I’m a schoolteacher. I teach English composition in this little town called Adley, Pennsylvania. The last eleven years, I’ve been at Thomas Alva Edison High School. I was a coach of the baseball team in the springtime. Back home, I tell people what I do for a living and they think well, now that figures. But over here, it’s a big, a big mystery. So, I guess I’ve changed some. Sometimes I wonder if I’ve changed so much my wife is even going to recognize me, whenever it is that I get back to her. And how I’ll ever be able to tell her about days like today. Ah, Ryan. I don’t know anything about Ryan. I don’t care. The man means nothing to me. It’s just a name. But if… you know if going to Rumelle and finding him so that he can go home. If that earns me the right to get back to my wife, then that’s my mission.
You want to leave? You want to go off and fight the war? All right. All right. I won’t stop you. I’ll even put in the paperwork. I just know that every man I kill the farther away from home I feel.
That’s why Tom Hanks is perfectly cast. He looks uncomfortable early on because he’s supposed to look uncomfortable. He’s not supposed to look like a heartless, battle-hardened warrior; he’s supposed to look like an English composition teacher dressed in fatigues. It’s not to say the rest of the squad members are soulless mercenaries. But John Miller, more than anyone else on the squad, is supposed to look uncomfortable. And Hanks, who was nominated for an Oscar, is perfect in this role.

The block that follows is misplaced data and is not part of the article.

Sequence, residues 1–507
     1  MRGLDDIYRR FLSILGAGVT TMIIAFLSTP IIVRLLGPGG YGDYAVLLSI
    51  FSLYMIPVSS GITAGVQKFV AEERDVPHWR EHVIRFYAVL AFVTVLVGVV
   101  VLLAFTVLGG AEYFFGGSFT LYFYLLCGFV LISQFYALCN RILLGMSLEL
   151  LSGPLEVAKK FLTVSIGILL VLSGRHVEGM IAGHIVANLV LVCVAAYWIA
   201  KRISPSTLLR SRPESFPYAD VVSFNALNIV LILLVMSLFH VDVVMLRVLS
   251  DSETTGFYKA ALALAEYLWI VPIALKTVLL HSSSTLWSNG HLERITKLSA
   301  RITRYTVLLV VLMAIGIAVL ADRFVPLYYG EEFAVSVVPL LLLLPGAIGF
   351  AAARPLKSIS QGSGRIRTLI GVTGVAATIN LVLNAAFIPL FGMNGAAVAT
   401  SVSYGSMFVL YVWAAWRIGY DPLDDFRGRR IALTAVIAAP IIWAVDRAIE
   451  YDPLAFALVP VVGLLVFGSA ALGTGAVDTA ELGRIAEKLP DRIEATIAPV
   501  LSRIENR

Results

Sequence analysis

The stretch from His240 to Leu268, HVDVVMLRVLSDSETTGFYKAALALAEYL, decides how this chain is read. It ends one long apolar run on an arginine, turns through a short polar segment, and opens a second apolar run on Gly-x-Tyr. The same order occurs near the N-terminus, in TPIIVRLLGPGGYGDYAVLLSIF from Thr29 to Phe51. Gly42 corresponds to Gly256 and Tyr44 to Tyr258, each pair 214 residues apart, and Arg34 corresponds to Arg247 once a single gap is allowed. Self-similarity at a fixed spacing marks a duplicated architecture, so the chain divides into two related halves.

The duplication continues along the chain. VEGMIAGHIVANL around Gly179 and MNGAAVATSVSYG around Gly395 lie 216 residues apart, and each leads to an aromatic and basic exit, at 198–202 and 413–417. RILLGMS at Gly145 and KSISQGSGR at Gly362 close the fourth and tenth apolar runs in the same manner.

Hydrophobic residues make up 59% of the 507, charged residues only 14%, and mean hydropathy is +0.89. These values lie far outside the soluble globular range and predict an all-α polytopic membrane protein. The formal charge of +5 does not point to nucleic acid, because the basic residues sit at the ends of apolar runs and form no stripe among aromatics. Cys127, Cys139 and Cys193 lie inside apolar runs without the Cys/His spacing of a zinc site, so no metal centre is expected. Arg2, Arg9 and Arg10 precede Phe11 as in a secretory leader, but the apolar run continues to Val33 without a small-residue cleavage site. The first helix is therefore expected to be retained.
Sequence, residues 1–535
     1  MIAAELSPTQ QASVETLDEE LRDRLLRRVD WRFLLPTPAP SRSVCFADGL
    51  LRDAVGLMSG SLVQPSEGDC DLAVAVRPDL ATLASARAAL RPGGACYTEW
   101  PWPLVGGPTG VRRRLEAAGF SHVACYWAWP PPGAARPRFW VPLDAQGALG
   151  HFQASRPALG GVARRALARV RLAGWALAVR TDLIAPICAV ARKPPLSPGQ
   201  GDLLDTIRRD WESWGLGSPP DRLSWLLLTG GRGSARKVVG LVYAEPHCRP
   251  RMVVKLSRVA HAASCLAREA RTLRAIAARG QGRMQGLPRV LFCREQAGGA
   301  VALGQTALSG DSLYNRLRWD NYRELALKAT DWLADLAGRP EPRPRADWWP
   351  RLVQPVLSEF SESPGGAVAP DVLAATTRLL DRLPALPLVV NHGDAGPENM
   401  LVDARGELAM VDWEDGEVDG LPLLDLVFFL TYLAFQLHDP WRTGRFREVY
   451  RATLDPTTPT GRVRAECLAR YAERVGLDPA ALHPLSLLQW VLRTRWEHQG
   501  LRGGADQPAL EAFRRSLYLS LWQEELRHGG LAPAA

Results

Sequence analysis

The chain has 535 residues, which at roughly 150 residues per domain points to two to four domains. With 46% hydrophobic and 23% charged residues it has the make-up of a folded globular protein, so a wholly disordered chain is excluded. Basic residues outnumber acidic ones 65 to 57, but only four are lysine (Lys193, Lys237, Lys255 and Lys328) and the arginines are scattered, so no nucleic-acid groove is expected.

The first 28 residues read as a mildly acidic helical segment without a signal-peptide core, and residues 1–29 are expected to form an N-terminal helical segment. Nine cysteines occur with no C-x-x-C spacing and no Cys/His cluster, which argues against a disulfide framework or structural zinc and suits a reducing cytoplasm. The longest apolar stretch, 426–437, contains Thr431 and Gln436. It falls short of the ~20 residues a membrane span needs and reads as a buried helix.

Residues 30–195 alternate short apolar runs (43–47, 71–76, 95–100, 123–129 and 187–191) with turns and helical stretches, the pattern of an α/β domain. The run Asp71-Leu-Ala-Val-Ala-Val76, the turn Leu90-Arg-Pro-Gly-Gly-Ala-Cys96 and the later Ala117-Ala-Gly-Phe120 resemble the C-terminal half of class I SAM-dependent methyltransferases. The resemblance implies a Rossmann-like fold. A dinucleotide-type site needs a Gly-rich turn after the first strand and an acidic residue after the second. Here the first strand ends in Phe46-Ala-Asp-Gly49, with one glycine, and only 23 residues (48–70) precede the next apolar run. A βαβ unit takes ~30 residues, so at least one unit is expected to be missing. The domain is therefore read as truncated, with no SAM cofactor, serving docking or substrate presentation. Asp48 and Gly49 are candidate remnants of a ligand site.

The squad that Miller leads has great chemistry on-screen, partially thanks to them being sent to boot camp by Spielberg for ten days before filming began. “It brought us closer together, so when we started shooting the movie, we felt a bond,” said Tom Sizemore about this experience.1 On screen, this pays off; more than an ensemble cast, this group feels like a brotherhood who has already been through a lot before the events of this movie.
Matt Damon – who plays James Frances Ryan, of Iowa – was also sent to boot camp, but not with the main squad, so when they find him and he joins the squad on-screen he genuinely feels like an outsider. This isn’t the grizzled Matt Damon who starred as Jason Bourne in three Bourne movies (well, three good ones anyway). This Matt Damon is a little more wide-eyed and innocent and captures the youth of his character well. Emotionally, he hits the perfect balance between human grief that his brothers are gone and soldierly stubbornness to not abandon his post.